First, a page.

"... given a five percent chance to live. Twice he was given last rites."
December 29, 2012 5:04 PM   Subscribe

Salt Walther died Thursday night, Dec. 27., at a residence in Trotwood, OH. The cause of death, as of now, is unknown. On May 30, 1973, he survived a crash that no one thought could be survived. His life was changed forever. (YT: warning: carnage, no fatalities)

The 1973 Indianapolis 500 was considered to be one of the worst. What could go wrong did go wrong. Three men died. Art Pollard died during the time trials. Swede Savage crashed on lap 58. He died 33 days later. Armando Moreno Teran, a pit crew member, was hit and killed by a fire truck.

David "Salt" Walther, suffered burns over half his body, broken ribs, broken knees, broken elbows, and broken hands. Some of the fingers of his left hand were burned almost completely off. When his car came to rest, upside down, on fire, and with both his feet protruding from the front of the car, no one thought he would live. He lived, but at a costly price.
posted by TrolleyOffTheTracks (18 comments total) 7 users marked this as a favorite

posted by TrolleyOffTheTracks at 5:06 PM on December 29, 2012

I'd never heard of this guy, but wow, what a sad story in the last link.

posted by desjardins at 5:29 PM on December 29, 2012

This is the first 500 I remember. AJ Foyt has always been a dick.
posted by donpardo at 5:35 PM on December 29, 2012 [2 favorites]

I was in turn four when Gorden Smiley died, they cleared the track and continued qualifing.
posted by Hoosier Prospector at 5:59 PM on December 29, 2012

posted by drezdn at 6:29 PM on December 29, 2012

posted by evoque at 7:21 PM on December 29, 2012

posted by procrastination at 7:25 PM on December 29, 2012

The crash was insane, but I can't get over all the people running all over the track at the beginning of the race.
posted by dirigibleman at 7:28 PM on December 29, 2012

posted by eriko at 7:56 PM on December 29, 2012

posted by bibliogrrl at 8:38 PM on December 29, 2012

posted by Smart Dalek at 8:41 PM on December 29, 2012


a hard life, no doubt defined by pain for the past almost 40 years. I remember watching that race live -- what little race there was. The first lap crash was followed by hard rain. They finally got it running two days later only to have everything go to hell with Swede Savage's accident -- and hell is the word. [WARNING: graphic]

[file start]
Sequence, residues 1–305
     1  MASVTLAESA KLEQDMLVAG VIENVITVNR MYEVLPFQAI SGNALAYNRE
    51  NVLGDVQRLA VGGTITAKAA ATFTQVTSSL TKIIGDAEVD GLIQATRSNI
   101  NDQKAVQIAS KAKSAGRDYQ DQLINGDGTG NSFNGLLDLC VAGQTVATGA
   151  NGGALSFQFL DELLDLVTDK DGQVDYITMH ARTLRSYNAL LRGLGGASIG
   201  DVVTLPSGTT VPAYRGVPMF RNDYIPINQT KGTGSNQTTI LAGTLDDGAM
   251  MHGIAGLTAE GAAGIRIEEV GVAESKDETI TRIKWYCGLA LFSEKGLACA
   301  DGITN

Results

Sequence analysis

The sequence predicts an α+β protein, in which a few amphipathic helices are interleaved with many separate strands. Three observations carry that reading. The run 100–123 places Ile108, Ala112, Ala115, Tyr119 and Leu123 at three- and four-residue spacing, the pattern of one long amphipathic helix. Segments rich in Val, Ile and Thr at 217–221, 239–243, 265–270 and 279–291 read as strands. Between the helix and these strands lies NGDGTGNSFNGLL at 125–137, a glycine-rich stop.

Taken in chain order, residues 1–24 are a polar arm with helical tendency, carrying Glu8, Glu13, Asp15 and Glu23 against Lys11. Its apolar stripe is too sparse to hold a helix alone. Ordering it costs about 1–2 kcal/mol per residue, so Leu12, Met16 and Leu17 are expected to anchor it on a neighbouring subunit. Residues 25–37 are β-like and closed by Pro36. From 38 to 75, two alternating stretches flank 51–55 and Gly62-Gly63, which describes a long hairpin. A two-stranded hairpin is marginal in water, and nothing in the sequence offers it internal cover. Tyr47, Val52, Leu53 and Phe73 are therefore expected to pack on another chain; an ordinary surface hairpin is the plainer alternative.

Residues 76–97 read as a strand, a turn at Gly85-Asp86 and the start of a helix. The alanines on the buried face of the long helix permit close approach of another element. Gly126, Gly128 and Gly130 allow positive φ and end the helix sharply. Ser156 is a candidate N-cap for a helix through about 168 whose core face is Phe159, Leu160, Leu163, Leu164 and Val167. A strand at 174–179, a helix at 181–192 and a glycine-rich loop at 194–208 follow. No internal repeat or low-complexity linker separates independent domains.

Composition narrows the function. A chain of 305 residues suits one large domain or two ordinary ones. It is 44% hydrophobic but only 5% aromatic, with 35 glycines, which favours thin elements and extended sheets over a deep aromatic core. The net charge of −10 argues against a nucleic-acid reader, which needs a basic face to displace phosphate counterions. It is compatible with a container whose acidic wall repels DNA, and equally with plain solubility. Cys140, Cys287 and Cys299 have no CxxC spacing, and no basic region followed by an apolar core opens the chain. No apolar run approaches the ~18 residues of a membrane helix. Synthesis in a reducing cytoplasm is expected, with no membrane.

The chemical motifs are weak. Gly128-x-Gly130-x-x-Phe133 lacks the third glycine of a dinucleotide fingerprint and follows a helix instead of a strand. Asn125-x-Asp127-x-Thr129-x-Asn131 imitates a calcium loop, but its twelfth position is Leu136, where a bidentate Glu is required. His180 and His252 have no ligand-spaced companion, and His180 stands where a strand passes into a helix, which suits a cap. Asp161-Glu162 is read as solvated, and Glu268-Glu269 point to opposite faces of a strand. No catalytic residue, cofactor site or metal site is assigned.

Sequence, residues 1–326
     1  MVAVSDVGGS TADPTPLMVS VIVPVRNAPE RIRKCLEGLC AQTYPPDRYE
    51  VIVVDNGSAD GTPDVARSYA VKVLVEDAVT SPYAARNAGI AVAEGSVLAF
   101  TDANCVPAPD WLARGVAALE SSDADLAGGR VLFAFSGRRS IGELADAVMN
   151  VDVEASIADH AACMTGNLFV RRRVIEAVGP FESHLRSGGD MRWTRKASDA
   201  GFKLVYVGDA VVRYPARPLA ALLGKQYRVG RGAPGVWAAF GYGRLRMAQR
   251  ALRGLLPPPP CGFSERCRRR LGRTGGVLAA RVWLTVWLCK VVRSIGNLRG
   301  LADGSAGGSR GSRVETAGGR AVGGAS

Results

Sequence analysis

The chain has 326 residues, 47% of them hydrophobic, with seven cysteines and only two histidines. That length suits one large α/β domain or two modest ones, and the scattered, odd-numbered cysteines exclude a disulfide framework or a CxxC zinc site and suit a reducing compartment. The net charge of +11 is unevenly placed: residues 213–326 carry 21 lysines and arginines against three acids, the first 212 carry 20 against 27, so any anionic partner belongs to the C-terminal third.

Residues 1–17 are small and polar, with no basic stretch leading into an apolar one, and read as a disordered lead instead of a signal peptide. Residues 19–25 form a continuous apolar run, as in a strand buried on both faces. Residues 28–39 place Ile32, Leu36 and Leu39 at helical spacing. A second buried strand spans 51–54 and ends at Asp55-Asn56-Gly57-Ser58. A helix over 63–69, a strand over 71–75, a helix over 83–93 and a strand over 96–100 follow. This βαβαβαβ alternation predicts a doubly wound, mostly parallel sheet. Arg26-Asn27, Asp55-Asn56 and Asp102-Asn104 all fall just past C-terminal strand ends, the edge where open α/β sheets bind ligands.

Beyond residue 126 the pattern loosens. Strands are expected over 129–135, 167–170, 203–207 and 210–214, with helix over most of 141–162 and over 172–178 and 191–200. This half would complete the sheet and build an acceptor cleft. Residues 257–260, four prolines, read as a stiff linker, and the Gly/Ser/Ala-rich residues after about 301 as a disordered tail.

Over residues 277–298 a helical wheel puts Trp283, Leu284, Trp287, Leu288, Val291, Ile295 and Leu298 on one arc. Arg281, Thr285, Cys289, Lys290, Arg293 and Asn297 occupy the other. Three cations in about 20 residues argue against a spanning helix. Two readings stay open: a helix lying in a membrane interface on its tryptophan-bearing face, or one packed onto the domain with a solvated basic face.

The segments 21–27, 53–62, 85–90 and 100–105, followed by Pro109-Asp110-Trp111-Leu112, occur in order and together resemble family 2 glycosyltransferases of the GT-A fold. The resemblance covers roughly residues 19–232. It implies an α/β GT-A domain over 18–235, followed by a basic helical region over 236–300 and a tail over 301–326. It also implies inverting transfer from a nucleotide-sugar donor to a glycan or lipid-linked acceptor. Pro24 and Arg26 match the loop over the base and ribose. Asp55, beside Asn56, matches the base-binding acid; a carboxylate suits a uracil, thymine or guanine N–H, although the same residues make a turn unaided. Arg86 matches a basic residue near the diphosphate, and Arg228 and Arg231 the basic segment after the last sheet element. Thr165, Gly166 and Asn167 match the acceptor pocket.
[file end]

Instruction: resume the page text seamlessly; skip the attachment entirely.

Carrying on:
I was watching that one, too. 14 years old, big motor racing fan. But that Indy was definitely the beginning of the end ... for more than fifteen years anyway. It was a far safer sport by the late 80s when I got interested again.
posted by philip-random at 8:55 PM on December 29, 2012

Yeah, I was 10 years old when that happened,watching live. That and the Swede Savage accident still trigger bad memories...
posted by Windopaene at 10:33 PM on December 29, 2012

The last link is good writing.
posted by KokuRyu at 1:15 AM on December 30, 2012 [1 favorite]

posted by pjern at 2:41 AM on December 30, 2012

The 70's were a crazy time for the 500. The technology for squeezing more and more speed from the cars was seriously eclipsing safety technology, with obvious results.

I sat through those soggy days in '73 at the Speedway. Not a fun time.

posted by Thorzdad at 7:16 AM on December 30, 2012


You can't really say, "There but for the grace of God go I," because there was never any chance that I personally was going to be a race car driver. But a similar sentiment applies - I, and pretty well everyone I know, are very lucky compared to this poor man.
posted by lupus_yonderboy at 10:44 AM on December 30, 2012 [1 favorite]

I caught the end of an TV interview with Walther in the late 1980's. He had the remains of the wrecked chassis chained above his living room couch. Talk about carrying the past with you.

I'm not judging him, but I remember thinking at the time "For God's sake get rid of that thing before it puts you in your grave." Felt even sorrier for him then than when the accident happened.
posted by TrolleyOffTheTracks at 3:31 PM on December 31, 2012

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